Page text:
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Julia Irvine 22 May 2017 05:22pm

Labour tax plans will hit PM’s take home pay

If Jeremy Corbyn becomes the next prime minister, his take-home pay will be less than Theresa May currently earns, and hers, as leader of the opposition, would be significantly reduced

According to top 20 accountancy firm Saffery Champness, Labour’s manifesto pledges to lower the higher rate threshold from £150,000 to £80,000 and to introduce a new 50p tax for those earning above £123,000, will hit both leaders in the pocket.

With salaries of £150,402 (the prime minister) and £138,451 (leader of the opposition), they would both face larger tax bills than before, although Corbyn’s take home pay as PM would still be more (just) than he takes home now.

The impact of the Labour tax changes would mean that the PM’s take home pay after tax would be reduced by approximately £6,821, from £91,190 to £84,369.

The opposition leader’s post tax pay meanwhile would go down by £5,645 from £84,278 to £78,633.

The chancellor would also see his tax bill go up. Philip Hammond currently earns £142,267 and takes home an estimated £86,607. This would fall to £80,561, down £6,046.

Labour’s tax rises would also hit a number of MPs who earn more than their basic salary of £74,962.

In contrast, the Conservatives have pledged to continue to lower taxes and simplify the system. However, they have said they will drop the tax “triple lock” so paving the way for “a good deal more wriggle room to adjust tax rates”, as Saffery Champness partner James Hender points out.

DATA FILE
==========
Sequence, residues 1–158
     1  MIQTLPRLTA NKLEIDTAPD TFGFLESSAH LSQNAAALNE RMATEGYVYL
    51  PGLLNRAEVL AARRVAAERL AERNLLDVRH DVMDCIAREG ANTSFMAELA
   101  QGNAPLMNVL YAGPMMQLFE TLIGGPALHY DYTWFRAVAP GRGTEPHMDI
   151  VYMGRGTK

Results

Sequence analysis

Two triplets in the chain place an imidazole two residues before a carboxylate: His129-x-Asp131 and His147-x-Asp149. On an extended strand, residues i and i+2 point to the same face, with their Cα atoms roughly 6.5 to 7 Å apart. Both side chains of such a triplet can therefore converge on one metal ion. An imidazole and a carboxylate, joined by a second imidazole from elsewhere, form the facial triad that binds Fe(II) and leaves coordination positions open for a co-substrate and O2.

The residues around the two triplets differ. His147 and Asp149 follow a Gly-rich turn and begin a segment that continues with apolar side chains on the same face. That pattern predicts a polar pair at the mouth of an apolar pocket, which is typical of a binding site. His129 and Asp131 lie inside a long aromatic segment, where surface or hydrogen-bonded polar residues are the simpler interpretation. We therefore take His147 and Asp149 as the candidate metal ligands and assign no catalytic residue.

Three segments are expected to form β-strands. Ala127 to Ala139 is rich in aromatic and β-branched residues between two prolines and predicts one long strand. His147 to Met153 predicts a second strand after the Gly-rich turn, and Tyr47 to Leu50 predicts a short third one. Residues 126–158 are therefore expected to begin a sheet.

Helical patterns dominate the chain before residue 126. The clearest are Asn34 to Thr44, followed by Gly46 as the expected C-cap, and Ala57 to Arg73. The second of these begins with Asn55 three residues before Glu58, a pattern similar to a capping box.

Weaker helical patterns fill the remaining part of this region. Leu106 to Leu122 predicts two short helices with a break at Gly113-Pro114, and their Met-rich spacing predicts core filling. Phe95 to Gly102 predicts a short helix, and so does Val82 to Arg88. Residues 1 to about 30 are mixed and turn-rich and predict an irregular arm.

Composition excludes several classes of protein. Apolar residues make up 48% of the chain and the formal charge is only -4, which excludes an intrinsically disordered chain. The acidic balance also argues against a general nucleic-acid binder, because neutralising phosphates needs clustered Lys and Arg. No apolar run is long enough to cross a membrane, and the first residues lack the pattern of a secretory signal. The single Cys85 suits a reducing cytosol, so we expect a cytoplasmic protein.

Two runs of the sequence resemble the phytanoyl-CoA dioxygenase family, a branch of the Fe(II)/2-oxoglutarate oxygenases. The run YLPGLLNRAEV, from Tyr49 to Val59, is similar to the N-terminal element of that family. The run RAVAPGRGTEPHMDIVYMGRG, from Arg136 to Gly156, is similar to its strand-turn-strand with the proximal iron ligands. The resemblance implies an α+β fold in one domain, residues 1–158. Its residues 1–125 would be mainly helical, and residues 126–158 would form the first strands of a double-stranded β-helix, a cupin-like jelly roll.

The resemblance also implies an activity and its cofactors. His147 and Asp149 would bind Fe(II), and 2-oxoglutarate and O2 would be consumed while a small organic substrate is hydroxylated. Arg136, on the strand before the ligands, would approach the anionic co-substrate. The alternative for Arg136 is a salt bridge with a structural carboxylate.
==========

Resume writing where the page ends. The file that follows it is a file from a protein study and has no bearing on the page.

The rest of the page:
He says that to a large extent the Tory and Labour tax policies on offer are more or less in line with what might have been expected.

“What is clear is that both parties have noted the need, caused by Brexit among other factors, for public capital investment which will require the ability to either raise more tax or increase borrowing.” 

But, he warned the electorate not to lose sight of the various tax changes which are on the horizon regardless of the election result.

“While many items were dropped from the Finance Bill in the pre-purdah rush, we can expect tax payers to have to grapple with a raft of complex legislation, as well as the shift to Making Tax Digital, irrespective of who gets the keys to No 11 on 9 June.”

 

 

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